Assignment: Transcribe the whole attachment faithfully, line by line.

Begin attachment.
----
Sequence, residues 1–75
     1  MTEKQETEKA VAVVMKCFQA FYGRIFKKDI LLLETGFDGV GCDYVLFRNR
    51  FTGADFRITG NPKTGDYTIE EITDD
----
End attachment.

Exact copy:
Sequence, residues 1–75
     1  MTEKQETEKA VAVVMKCFQA FYGRIFKKDI LLLETGFDGV GCDYVLFRNR
    51  FTGADFRITG NPKTGDYTIE EITDD